New SQL Updates: It’s even easier now to create SQL kata

Codewars has just released a new set of testing helpers to make writing and testing SQL kata even easier. Before we get into how these helpers make it easy to author kata, lets check out some of the additional benefits they provide to those training on the kata.

Expected Results

There is a new compare_with helper which takes in an example result set to compare the code warrior’s query against. This has a number of benefits, including presenting the code warrior with a 2nd table that shows the expected results output.

No need trying to guess what the results should look like, now you can see the expected output!

Charts

You may have also noticed in the above screenshot that there are 2 chart tabs. Another feature of the compare_with helper is that you can define charts to help visualize the data. Currently we support a timeseries chart type, and will be adding more later.

You can compare your results with the expected using chart visualizations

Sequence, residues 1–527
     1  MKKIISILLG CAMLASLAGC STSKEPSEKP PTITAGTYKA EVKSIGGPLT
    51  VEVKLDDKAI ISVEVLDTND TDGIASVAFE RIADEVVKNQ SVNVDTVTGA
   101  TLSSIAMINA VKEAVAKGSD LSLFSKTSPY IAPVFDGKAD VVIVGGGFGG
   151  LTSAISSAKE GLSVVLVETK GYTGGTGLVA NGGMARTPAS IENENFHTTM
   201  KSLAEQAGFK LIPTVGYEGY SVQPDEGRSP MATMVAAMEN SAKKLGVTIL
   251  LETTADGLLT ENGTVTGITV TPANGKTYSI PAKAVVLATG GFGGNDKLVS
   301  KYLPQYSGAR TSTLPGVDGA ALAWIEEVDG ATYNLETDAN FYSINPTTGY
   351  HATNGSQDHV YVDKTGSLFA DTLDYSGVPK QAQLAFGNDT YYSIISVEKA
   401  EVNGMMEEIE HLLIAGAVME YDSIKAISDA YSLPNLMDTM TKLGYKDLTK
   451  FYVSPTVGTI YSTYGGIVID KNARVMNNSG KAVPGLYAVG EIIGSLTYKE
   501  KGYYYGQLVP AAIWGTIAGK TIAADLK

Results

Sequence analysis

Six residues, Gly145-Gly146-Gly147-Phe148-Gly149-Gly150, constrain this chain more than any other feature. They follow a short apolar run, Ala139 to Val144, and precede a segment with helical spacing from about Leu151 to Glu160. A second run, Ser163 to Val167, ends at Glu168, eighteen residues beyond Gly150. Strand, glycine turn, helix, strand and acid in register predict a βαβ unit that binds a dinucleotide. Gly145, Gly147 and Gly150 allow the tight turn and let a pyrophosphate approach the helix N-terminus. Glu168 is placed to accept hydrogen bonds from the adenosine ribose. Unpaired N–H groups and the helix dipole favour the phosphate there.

Using the compare_with helper

To use the compare_with helper, you simply add compare_with expected to your specs. Then, within your “preloaded” code, you add the expected query result like so:

def expected
DB[%q(
REPLACE WITH YOUR SQL QUERY
)].to_a
end

Not only will this print out both an ‘actual” and “expected” set of results, but this will also auto generate RSpec test specs for you based off of the data returned by the expected results. Here is an example of some specs that are auto-generated:

Auto-generated specs. The very last spec shown here will compare the entire actual result set to the expected result set.

While these generated specs are great, there are some other ways of extending the generated specs.

describe block methods

You can tie into specific describe blocks to extend the specs that are shown. Here is an example of adding a spec to the “day column” describe block:

compare_with expected do
  column(:day) do
it "should start at the begining of the day" do
expect(actual.first[:day]).to eq expected.first[:day].beginning_of_day
end
end
end

There is also a rows method for tying into the rows block, and a spec block if you just want to add specs at the top describe of the generated tests.

chart method

There is also a chart method which can be used to configure charts that will be rendered against the actual and expected results. The following shows how to configure the chart previously shown.

compare_with expected do
draw_chart(
type: :timeseries,
group_by: :description,
x: :day,
y: :count
)
end

That about sums it up for now. If you want to see these new updates in action, head over to Codewars and check out a kata that already has it implemented.